Open navigation menu. Close navigation menu.

Washington Informer: Mayor Bowser Eyes Systemic Reset with New Truancy Bill

April 4, 2024

Sam Collins, of the Washington Informer, reports on the latest truancy bill, introduced by Mayor Bowser. The bill addresses chronic absenteeism and a bevy of other issues related to student safety and family engagement. 

Danielle Robinette, senior policy attorney with Children’s Law Center, said that Bowser and the D.C. Council are moving in the right direction by involving DHS in addressing the underlying causes of truancy. The agency, she said, could take on the case management that school-level personnel say they don’t have the capacity to handle.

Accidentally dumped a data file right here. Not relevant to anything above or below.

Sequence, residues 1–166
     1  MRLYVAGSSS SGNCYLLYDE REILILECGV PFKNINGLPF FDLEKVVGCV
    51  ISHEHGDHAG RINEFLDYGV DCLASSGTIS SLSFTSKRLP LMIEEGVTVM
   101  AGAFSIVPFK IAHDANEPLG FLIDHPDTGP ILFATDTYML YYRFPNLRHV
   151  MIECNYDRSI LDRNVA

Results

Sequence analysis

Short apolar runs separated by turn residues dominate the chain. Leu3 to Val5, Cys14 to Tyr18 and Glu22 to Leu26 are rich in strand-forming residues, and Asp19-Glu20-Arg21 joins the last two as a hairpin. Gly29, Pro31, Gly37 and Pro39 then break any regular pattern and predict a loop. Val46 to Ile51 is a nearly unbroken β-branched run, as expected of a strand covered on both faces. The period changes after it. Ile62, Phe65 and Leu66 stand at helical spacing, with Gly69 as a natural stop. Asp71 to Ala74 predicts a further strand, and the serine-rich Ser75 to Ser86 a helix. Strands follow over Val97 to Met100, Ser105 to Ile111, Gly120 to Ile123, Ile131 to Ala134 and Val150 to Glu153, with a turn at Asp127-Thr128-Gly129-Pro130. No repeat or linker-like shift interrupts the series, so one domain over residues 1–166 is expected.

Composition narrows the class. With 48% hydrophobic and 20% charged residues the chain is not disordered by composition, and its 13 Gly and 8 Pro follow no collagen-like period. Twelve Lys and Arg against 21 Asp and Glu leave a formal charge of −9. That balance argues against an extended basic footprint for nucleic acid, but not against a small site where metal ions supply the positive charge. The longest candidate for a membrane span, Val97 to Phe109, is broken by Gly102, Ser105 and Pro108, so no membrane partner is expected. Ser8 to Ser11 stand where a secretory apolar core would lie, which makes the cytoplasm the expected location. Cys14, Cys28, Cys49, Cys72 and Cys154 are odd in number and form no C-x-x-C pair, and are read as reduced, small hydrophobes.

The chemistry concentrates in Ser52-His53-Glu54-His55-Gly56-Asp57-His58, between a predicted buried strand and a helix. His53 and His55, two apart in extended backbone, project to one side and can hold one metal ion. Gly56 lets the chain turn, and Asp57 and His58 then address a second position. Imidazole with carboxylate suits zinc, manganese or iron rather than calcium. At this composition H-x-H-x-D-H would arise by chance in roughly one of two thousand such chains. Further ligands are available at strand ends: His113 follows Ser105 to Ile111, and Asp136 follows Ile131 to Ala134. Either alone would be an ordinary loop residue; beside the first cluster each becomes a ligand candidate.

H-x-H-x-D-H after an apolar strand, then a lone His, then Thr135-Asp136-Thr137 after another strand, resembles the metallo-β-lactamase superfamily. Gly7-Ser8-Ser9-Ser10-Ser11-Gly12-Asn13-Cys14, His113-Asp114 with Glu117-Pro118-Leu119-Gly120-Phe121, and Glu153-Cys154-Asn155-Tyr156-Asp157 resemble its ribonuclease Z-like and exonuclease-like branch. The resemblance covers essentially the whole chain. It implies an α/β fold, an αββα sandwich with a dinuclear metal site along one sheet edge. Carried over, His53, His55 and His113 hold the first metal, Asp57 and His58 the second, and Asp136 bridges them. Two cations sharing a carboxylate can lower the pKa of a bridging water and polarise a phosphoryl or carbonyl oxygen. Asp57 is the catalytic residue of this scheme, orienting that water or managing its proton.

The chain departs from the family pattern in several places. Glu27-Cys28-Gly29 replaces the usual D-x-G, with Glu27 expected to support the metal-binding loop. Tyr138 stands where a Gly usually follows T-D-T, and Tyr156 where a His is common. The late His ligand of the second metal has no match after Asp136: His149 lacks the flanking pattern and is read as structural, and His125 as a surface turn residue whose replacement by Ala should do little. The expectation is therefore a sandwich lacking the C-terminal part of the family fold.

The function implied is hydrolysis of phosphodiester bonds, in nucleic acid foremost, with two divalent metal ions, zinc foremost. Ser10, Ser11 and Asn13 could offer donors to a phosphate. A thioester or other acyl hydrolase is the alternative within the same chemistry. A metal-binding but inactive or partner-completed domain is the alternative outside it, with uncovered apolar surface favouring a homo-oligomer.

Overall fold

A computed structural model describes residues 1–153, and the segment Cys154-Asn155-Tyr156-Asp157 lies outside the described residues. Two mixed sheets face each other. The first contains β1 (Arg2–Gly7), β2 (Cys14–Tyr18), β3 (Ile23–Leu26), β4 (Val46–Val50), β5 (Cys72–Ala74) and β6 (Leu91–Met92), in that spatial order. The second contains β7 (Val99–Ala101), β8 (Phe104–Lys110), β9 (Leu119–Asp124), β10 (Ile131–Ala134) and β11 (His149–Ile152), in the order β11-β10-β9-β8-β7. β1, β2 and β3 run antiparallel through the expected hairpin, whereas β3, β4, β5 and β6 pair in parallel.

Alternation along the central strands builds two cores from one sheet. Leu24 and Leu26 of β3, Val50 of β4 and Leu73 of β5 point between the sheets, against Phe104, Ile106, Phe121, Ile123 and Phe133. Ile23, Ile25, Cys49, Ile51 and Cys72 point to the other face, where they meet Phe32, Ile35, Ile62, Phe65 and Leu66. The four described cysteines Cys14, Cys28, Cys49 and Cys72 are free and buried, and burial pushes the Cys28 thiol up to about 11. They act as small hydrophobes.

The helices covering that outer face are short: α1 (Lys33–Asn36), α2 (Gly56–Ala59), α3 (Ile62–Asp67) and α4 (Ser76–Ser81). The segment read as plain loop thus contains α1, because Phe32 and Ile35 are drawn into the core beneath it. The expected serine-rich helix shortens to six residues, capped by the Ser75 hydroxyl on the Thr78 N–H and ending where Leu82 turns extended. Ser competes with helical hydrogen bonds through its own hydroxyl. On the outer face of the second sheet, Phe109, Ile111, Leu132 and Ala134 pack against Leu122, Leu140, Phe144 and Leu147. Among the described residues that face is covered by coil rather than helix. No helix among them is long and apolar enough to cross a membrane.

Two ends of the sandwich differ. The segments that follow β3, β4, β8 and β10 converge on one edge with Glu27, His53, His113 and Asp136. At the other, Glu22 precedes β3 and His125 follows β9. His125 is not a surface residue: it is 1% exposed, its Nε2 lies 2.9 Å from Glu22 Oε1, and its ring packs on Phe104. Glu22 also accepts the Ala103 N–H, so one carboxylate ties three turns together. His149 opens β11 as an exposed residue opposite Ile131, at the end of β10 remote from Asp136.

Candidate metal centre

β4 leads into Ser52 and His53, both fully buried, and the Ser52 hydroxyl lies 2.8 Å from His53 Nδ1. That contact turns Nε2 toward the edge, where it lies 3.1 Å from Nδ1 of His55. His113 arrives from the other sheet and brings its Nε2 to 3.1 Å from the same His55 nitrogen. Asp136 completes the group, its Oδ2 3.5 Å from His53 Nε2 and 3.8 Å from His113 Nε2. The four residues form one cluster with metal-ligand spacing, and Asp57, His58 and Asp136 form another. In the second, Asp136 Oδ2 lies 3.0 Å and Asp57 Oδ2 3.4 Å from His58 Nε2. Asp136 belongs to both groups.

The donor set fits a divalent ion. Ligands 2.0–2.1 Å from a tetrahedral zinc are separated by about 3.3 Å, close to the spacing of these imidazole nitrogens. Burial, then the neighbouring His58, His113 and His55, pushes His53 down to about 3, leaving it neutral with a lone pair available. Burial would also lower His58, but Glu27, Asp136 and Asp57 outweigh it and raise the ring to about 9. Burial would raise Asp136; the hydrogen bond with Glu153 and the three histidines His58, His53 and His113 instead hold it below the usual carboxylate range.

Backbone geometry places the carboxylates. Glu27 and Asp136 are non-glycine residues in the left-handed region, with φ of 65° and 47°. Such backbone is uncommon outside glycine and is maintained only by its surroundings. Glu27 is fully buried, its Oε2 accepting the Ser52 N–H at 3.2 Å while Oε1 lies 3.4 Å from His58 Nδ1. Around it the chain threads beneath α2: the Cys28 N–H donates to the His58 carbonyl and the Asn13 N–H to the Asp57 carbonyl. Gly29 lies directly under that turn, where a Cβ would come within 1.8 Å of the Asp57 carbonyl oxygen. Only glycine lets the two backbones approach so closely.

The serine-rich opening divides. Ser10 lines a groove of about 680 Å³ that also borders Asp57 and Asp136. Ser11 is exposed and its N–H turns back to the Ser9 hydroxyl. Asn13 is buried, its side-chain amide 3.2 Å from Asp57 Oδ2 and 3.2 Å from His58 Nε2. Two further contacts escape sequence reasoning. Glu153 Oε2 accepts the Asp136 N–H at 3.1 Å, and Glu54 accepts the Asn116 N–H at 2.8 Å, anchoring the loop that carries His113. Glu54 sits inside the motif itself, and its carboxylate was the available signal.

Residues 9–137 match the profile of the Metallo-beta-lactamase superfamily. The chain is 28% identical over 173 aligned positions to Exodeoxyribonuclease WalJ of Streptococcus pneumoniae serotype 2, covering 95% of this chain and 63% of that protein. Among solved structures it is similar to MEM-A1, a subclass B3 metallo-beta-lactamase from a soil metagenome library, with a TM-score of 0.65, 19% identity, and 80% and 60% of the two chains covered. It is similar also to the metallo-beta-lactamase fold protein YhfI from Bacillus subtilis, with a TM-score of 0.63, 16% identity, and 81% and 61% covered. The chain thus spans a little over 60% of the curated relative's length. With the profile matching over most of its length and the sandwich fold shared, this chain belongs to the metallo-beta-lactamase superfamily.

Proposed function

When it comes to court involvement in truancy, Robinette cautioned against a heavy handed approach. She told The Informer that adjudication of youth can create barriers to attendance and undermine efforts to reverse truancy and chronic absenteeism.

Robinette said the same logic applies when it comes to suspensions and an alternative school setting. She questioned whether these provisions of the UPLIFT Amendment Act weaken the Student Fair Access to School Act.

In 2018, the council passed that bill without Bowser’s approval. It restricts the number of cumulative and consecutive days of out-of-school suspension that students could receive.

Robinette said that changing course and placing middle school students alongside high school students could become problematic.

“There’s a difference between a 13-year-old and a 17-year-old,” Robinette told The Informer. “I would definitely be concerned about expanding suspensions for middle school students… Anytime a student is removed, it’s a significant disruption to their education. It’s a form of school pushout, regardless of age.”